At Leggett & Platt, we care about finding a better way to do things. The whole company puts a priority on quality and continuous improvement, but some businesses, like our Automotive Group, have to meet extra high standards. “Customers expect their products to be free of defects,” explained Mitch Dolloff, Automotive Group VP. This requires rigorous improvement to designs, processes, and materials.
Perhaps no one embodies quality and continuous improvement in Automotive more than Sonia Smith. Armed with technical expertise, industry insight, and an incandescent personality, she’s the “go-to person for manufacturing and business process improvement,” according to Mitch. Based in South Wales, Sonia has been the Director of Quality and Program Management for our European automotive operations since 2006.
What was life like prior to joining Leggett?
I’ve always worked in the automotive industry, and my forte is operations. Before coming to Leggett, I worked for other automotive companies including Honda and Toyota. I’m passionate about lean manufacturing techniques, so I became a Certified Six Sigma Master Black Belt.
At Leggett, I’m responsible for finding ways to reduce waste and cost, and I also define the quality risks before we implement a new program.
What do you enjoy about your job?
I love to change something for the better. That’s what lean manufacturing is all about: changing a product, process, mindset, or even an overall culture. There’s a popular lean manufacturing book called Learning to See that sums up what I do—teaching people to see things differently. If I alter a manufacturing process that people have used every day for years, then I’m also responsible to help them understand and adapt to that change.
I love when these efforts multiply to impact the company. In 2009, I worked with one of our branches in South Wales to create a training program for seven people to improve internal processes. I simply wanted to mentor the trainees, but by the time we finished, we ended up with a cost savings of over 1.1 million euros! These savings were not the priority for the project, but they were certainly a welcome result.
What’s a typical day like for you?
A typical day? [laughing] Well, there isn’t one, but most of my work revolves around program management. For example, I ensure new vehicle components are ready for production by managing the cycle of product design, process design, launch, and feedback.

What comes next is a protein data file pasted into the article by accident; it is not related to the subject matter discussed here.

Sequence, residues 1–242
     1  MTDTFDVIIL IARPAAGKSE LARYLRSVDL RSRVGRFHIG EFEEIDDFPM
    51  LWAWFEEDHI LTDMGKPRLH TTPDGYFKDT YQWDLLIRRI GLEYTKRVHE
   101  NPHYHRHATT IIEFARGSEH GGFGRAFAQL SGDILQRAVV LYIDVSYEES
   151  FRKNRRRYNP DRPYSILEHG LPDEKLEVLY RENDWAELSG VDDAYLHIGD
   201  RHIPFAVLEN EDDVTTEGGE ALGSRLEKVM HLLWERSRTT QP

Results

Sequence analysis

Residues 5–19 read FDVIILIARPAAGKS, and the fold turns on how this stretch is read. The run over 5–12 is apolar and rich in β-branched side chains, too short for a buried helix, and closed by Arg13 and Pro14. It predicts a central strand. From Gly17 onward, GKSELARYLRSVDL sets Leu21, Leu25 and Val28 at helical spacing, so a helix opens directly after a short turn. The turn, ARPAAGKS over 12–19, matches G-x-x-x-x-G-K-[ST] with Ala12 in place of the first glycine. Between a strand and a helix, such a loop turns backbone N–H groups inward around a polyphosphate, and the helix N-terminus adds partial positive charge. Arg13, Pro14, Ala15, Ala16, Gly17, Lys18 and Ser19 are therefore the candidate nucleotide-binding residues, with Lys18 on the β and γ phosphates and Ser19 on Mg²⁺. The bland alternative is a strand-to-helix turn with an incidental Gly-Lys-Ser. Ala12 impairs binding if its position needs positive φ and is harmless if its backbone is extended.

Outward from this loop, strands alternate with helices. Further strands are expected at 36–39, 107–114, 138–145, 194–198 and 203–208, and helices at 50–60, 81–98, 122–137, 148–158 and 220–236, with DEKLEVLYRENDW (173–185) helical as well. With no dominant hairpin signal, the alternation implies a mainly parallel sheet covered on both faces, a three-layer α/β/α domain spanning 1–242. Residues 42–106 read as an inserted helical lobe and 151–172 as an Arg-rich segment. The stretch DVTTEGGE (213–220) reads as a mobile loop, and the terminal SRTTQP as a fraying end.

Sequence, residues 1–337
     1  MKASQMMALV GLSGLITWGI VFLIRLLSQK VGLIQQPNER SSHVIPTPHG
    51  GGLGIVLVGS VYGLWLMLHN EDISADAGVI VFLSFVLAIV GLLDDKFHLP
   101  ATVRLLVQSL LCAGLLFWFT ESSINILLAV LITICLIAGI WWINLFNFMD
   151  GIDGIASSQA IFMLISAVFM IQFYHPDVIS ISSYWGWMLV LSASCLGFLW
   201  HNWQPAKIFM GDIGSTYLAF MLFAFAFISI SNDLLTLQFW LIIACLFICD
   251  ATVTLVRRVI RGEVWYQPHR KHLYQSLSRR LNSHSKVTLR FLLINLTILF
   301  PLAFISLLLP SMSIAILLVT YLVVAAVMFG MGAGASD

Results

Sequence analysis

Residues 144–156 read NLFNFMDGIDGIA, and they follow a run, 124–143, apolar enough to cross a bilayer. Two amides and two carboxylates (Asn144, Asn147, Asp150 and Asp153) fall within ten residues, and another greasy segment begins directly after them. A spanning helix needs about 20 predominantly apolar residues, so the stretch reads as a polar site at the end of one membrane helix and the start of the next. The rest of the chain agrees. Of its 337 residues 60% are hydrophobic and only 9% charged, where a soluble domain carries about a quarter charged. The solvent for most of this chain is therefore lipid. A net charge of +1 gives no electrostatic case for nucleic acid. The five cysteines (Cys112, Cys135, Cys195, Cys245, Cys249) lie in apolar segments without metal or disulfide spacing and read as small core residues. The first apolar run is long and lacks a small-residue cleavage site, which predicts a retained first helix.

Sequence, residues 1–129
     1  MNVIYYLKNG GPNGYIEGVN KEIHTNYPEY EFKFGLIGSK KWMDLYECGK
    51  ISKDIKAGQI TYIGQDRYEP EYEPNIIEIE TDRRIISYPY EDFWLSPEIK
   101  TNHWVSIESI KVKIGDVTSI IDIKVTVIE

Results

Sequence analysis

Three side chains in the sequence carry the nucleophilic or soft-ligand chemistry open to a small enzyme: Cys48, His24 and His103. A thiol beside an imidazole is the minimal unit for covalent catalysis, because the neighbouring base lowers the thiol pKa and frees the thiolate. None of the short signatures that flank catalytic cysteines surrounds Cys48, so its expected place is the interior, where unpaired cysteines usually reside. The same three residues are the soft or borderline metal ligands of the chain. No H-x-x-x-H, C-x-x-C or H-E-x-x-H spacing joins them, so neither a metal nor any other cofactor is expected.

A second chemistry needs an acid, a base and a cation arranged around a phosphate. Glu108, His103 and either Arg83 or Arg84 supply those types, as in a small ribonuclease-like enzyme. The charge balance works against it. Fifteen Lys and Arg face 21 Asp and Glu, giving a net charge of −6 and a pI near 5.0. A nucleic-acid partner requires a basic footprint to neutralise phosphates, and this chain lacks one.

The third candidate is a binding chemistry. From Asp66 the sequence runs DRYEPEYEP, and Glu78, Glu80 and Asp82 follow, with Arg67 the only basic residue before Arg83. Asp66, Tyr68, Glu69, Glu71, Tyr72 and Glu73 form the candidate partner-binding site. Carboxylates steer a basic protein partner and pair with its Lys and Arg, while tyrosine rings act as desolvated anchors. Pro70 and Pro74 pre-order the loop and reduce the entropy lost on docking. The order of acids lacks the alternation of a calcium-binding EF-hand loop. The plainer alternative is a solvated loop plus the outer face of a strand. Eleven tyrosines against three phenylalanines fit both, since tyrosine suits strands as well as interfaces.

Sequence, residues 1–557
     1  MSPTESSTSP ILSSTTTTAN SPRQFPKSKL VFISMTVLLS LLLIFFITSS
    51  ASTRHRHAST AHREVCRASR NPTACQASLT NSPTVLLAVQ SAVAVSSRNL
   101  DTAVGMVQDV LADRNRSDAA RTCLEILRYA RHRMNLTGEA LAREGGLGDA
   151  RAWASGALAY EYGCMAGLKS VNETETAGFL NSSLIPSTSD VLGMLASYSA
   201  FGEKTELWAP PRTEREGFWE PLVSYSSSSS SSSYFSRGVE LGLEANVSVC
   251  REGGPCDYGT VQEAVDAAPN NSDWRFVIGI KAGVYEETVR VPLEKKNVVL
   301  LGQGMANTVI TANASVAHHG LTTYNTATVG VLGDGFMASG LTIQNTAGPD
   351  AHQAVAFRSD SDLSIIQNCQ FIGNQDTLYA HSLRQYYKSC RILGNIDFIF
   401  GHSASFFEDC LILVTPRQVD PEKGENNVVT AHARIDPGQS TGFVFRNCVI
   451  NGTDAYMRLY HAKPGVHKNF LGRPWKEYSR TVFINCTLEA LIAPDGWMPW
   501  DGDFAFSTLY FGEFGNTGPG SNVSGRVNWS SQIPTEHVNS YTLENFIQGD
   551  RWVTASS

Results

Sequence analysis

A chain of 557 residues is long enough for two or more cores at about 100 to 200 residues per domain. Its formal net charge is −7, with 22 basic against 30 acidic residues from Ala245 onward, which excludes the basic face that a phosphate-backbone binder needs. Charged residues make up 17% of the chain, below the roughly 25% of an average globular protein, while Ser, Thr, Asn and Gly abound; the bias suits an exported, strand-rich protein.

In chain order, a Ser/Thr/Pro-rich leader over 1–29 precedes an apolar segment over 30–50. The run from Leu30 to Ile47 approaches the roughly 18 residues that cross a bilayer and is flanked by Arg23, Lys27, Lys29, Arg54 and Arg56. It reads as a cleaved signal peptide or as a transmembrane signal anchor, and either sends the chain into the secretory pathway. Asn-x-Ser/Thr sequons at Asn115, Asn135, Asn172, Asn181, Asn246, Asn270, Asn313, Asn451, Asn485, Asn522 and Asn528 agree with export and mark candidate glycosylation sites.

What challenges do you face?
People don’t always buy into new ideas, no matter how grand they appear. Over the years, I’ve learned the importance of listening and fostering great working relationships. When people struggle to change, there are deeper reasons behind it. Once you understand the people who will use the product or manage the process, then you can make improvements accordingly.
What advice do you have for someone who wants a career in continuous improvement?
First, you need to be very passionate about change. Passion enables you to readily dive into any kind of process—whether it’s manufacturing or administrative—to consider possible areas of waste. Then creativity kicks in, and you can brainstorm ideas for change.
Second, simply raise your hand. This goes for anyone in the workplace who wants to make a change. You’ll never know what difference you can make if you don’t start somewhere. Multiplying knowledge and passion defines success in this field. One individual effort can ignite a flame in another person to be creative and ambitious—and that fire spreads quickly. It’s remarkable how one person can impact an entire company.
About the Author
Good conversation–there’s nothing better. I’ve always been a fan of people and the stories they tell. As a Talent Advisor for Leggett & Platt, I get to hear good ones every day when I’m listening to our candidates’ stories as I get to know them during the hiring process.
When I’m not at work, I enjoy photography–telling my own story from behind a camera lens. I’ve also been known to write a poem or two, which stems from a long-held interest in creative writing. After dreaming up wild characters and fantastical plots as a kid, I guess I just couldn’t keep my ideas in my head any longer. Someday you should ask me about Chester the Mini Dragon.